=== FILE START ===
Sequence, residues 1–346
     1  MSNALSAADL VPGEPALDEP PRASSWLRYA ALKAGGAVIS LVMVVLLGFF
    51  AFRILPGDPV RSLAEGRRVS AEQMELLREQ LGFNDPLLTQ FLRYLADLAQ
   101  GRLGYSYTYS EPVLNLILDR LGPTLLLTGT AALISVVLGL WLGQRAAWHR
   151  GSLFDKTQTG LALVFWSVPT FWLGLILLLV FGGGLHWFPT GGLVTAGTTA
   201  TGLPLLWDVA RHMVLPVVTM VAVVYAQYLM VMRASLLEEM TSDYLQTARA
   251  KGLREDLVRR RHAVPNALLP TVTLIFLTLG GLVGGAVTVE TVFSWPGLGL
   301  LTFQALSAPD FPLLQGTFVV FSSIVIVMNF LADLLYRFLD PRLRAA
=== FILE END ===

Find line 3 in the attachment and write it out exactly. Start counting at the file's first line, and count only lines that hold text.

    51  AFRILPGDPV RSLAEGRRVS AEQMELLREQ LGFNDPLLTQ FLRYLADLAQ